• Unfollow a lot of blogs.  Don’t panic!  If we regularly interact on here, I am not talking about you.  When I first discovered this community, I would follow just about everyone.  I also had a lot more free time back then to read through my WordPress Reader more thoroughly.  I still like to rely on that tool to stay caught up, but nowadays I follow like 600 accounts on here and I find myself scrolling past way more blogs than I actually click on.  This just isn’t a sustainable way for me to stay engaged with the blogs I actually want to engage with.  So I know this seems like a kind of negative resolution, but it’s not, I promise.  This will be a lot better in the long run to focus my blogging interests.  And then, the flip side of this is that once my reader is more manageable, I want to be able to seek out some more bloggers whose reading tastes overlap with mine.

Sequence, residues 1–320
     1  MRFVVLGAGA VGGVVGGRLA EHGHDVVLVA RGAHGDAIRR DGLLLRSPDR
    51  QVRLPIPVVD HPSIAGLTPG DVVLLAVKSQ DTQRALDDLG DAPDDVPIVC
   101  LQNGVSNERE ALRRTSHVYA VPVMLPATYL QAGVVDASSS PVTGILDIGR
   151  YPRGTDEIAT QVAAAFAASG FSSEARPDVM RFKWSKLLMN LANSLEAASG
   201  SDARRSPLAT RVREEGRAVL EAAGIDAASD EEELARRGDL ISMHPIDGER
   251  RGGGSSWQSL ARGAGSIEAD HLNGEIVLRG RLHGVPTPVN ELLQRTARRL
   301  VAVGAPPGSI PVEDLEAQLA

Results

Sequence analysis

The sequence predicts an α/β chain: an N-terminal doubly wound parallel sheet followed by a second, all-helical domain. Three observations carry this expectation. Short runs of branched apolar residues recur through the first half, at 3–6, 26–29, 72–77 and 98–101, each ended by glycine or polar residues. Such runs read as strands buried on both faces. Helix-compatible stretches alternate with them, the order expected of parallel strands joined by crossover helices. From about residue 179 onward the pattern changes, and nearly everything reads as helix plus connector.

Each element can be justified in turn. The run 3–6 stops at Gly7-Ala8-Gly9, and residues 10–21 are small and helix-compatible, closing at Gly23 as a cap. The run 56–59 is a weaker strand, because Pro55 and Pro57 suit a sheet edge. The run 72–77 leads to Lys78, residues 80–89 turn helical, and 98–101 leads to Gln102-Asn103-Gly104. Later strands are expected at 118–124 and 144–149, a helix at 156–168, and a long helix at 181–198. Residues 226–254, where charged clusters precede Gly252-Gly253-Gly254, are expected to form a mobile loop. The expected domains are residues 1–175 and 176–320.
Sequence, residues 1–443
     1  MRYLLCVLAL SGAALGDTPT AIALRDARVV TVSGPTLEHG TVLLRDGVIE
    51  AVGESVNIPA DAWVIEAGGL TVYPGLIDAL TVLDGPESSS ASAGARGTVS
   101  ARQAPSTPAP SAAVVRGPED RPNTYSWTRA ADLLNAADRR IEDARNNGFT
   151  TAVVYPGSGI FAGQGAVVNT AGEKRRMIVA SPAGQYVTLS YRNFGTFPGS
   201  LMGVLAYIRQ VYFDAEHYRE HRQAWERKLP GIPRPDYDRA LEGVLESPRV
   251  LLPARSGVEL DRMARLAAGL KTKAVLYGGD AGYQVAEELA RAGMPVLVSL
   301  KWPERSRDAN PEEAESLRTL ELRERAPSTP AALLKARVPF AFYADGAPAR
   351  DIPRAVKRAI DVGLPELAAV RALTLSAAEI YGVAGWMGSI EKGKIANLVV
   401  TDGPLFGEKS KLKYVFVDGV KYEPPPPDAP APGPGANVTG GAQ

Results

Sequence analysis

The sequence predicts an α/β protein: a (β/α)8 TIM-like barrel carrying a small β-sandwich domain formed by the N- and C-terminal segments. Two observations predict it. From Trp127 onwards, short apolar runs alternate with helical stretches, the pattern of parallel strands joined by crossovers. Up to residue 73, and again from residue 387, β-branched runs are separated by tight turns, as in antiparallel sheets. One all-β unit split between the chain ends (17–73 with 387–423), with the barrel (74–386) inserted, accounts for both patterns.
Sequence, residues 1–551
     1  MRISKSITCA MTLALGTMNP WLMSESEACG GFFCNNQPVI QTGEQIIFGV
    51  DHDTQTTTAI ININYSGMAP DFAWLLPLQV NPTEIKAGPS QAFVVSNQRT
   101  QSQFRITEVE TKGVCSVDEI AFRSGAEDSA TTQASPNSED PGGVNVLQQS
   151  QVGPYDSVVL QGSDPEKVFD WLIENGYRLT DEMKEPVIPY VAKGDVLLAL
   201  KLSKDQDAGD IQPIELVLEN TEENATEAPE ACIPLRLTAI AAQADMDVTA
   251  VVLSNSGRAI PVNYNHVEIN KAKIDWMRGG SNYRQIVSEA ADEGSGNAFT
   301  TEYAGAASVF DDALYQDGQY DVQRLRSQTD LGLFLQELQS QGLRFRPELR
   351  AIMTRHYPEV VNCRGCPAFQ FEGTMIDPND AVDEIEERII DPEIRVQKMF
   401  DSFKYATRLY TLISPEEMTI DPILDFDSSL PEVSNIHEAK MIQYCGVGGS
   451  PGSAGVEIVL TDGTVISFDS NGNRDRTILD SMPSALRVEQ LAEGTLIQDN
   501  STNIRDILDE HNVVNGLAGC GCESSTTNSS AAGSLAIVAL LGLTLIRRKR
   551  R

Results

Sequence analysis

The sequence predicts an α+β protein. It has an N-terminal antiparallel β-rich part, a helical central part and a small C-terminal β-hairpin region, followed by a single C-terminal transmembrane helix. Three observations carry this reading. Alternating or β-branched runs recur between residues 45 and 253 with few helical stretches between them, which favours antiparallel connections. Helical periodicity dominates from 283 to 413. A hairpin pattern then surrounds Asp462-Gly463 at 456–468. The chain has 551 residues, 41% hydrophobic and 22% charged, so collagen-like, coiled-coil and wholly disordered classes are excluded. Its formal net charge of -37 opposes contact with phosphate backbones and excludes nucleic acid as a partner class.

• Review books immediately after finishing them.  I can’t believe I actually have to write this down as one of my resolutions, because this is something I have never struggled with.  I’ve always written my reviews within an hour of finishing the book.  But unfortunately I’ve been so mentally and emotionally drained lately that I find myself putting it off, and then resenting the process once I do sit down to review.  This just isn’t me.  I need to get back to the basics.

What are your 2020 reading and blogging goals?  Comment and let me know!